Winfield also concedes that theory of mind is still not well understood in people. Scientists have incomplete knowledge of the human brain’s “neurological or cognitive processes that give rise to theory of mind,” according to a study Winfield published in Frontiers in Robotics and AI in June. Yet he believes a full understanding of these processes is not necessary to develop AI that can perform a very similar function.
One major potential advantage of simulation theory of mind is that it may help robots become more communicative with humans—a feature that will become increasingly important as automation makes ever more inroads into human life, Winfield says. Some people might, for example, want a robot to explain its actions after the fact—something AI is generally unable to do, because the inner workings of a deep- learning artificial neural network are highly complex and may leave humans largely out of the decision-making process. And what about robots that assist elderly or ill people? Ideally such a machine could spontaneously give a warning to an elderly person, announcing that it is about to approach, to avoid alarm or confusion. Think of a nurse saying, “I’m just going to give you another pillow so you can sit up and take your medicine.” It is the difference between a robot that simply acts and one that justifies its actions before taking them.
Researchers are trying to develop machine-learning systems that explain their decision-making in human language. One basic model, for example, has an AI program determine whether an image depicts a healthy meal and explain its answer: “no” because the image includes a hot dog, or “yes” because it detects the presence of vegetables. But such programming is in its early stages and far from commonplace.
Henny Admoni, an assistant professor at Carnegie Mellon University’s Robotics Institute who was not involved in the new studies, agrees this kind of capacity would be useful. “The benefit of something like simulation theory, the way Winfield implements it, is that there is an explanation that the system can generate about what it has learned or why it did something,” Admoni says.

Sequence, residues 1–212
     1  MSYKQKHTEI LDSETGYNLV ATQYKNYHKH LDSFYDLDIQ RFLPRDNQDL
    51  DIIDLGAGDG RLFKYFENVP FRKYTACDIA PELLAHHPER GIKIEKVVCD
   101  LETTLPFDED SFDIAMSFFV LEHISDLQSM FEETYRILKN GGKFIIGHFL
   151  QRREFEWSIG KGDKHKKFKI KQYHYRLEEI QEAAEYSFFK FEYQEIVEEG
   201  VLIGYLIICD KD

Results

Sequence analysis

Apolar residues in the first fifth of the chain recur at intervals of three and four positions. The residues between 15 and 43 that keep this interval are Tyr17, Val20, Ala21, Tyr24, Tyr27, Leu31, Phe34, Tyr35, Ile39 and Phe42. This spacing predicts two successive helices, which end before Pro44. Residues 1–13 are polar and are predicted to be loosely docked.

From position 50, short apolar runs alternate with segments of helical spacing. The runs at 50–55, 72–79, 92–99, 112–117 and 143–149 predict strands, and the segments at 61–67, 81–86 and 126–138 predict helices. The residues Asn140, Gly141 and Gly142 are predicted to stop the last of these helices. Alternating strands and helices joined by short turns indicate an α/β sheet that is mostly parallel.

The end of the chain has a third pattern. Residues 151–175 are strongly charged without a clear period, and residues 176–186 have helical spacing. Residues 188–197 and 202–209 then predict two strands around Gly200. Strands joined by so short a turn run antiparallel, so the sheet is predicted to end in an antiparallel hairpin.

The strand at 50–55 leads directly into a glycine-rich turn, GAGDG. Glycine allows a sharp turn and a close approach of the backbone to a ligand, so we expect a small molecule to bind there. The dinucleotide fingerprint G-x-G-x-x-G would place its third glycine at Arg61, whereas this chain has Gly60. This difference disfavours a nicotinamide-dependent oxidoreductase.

People will find it easier to trust a machine that can more accurately and clearly explain itself, according to Julie Carpenter, a research fellow with the Ethics and Emerging Sciences Group at California Polytechnic State University. “You have to believe that the other entity has similar goals that you do—that you’re working towards the same goal,” says Carpenter, who was not involved in Winfield’s research.
Now that Winfield has built machines that carry out simple actions determined by internal simulations, his next step is to give these robots the ability to verbally describe their intended or past actions. A good test will be if one robot can listen to statements of intent made by another robot and correctly interpret these statements by simulating them. That process would involve one robot verbally describing an action—“I’m going to hold the elevator door,” for example—and the other robot hearing this information before internally simulating the action and consequence: the doors are kept open.
If they can understand one another in such a way, they are in theory one step closer to understanding us, Winfield says— “I’m very excited by that experiment.”